By definition, adjectives modify nouns. But more than 30 French adjectives can sometimes modify verbs instead, thus taking on the role and characteristics of adverbs, including the fact that they are invariable.
As you might guess from their name, adverbial pronouns are caught between two worlds: they are pronouns in the sense that they replace nouns, and at the same time they are adverbs representing a place, a quantity, or the object of a proposition. French has two adverbial pronouns: en and y.
An adverb is an invariable word that modifies a verb, an adjective, or another adverb. Adverbs can provide additional information about manner, quantity, frequency, time, or place - they explain when, how, where, how often, or to what degree something is done.
Adverbs of frequency express how often the action of a verb occurs.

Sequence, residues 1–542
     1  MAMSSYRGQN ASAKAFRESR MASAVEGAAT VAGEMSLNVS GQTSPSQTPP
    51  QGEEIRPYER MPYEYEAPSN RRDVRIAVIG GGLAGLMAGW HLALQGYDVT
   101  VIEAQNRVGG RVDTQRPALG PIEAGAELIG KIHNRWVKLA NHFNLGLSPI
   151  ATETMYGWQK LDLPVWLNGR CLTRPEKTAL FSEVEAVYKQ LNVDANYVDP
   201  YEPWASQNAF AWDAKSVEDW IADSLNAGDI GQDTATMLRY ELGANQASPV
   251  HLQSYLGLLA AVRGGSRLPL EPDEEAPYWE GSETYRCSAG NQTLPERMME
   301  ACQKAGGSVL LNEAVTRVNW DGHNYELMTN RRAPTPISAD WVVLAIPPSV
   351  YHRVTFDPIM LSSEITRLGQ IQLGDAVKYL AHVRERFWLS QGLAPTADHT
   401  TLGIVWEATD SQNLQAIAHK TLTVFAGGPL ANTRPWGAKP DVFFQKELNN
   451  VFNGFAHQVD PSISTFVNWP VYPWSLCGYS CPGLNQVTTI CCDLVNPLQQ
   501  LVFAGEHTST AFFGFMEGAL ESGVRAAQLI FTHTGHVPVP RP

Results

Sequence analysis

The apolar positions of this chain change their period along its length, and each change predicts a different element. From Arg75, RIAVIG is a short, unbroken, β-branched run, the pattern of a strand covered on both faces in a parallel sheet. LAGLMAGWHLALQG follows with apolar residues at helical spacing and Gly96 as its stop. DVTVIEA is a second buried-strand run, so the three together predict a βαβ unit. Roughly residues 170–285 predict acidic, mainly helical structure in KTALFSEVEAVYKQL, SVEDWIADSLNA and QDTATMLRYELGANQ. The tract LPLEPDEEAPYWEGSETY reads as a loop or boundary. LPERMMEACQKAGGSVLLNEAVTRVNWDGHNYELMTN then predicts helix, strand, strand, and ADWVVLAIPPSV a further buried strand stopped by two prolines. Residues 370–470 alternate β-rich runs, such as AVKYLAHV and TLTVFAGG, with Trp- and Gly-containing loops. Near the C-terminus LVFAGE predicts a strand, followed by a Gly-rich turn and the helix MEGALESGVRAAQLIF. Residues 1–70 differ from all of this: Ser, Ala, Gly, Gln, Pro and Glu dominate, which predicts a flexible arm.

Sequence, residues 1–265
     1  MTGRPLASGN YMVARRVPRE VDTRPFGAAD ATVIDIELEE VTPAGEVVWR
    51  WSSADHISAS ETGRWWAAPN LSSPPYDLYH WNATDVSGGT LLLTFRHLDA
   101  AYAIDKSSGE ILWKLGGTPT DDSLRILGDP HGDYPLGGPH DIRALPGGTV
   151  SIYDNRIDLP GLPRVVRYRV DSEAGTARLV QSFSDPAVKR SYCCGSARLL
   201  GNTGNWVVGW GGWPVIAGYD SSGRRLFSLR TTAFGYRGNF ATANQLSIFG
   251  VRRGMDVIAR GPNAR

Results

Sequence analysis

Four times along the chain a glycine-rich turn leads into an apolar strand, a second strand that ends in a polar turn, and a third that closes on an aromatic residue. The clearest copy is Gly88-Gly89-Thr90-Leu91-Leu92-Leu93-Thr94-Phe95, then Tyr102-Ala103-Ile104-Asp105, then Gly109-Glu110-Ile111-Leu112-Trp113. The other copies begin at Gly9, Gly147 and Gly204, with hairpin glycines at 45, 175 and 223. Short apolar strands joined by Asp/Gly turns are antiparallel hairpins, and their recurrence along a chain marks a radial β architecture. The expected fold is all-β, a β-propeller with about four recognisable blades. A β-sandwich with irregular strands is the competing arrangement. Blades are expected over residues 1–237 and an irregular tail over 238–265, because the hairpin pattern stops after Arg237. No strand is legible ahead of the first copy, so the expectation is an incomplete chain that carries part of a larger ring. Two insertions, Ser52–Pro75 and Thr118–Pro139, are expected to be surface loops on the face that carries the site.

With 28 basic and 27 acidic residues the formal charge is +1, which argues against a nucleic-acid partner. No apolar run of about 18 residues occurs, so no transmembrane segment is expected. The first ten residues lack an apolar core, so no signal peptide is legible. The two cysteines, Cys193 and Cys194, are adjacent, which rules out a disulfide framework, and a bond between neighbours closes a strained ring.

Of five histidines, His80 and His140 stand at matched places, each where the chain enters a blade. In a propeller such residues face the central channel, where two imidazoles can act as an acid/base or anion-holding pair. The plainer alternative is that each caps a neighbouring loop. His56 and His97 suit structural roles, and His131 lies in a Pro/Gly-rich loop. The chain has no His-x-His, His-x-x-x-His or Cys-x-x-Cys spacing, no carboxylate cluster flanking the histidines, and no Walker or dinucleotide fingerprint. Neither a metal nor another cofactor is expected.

Adverbs of manner express how the action of a verb occurs. In English, the vast majority of adverbs of manner end in -ly, whereas in French, they mostly end in -ment. They are usually created from adjectives.
Adverbs of place express where the action of a verb occurs.
Adverbs of quantity express how much, how many, or to what extent.
Adverbs of time express when the action of a verb occurs.
The regular -er verb aimer is ubiquitous and very useful, but somehow means both "to like" and "to love." In some contexts, this can make a world of difference as you certainly don't want to tell someone you love them when you're just friends, so how can you make it clear how you feel?
The preposition avec is used similarly to its English equivalent "with," but with a few differences.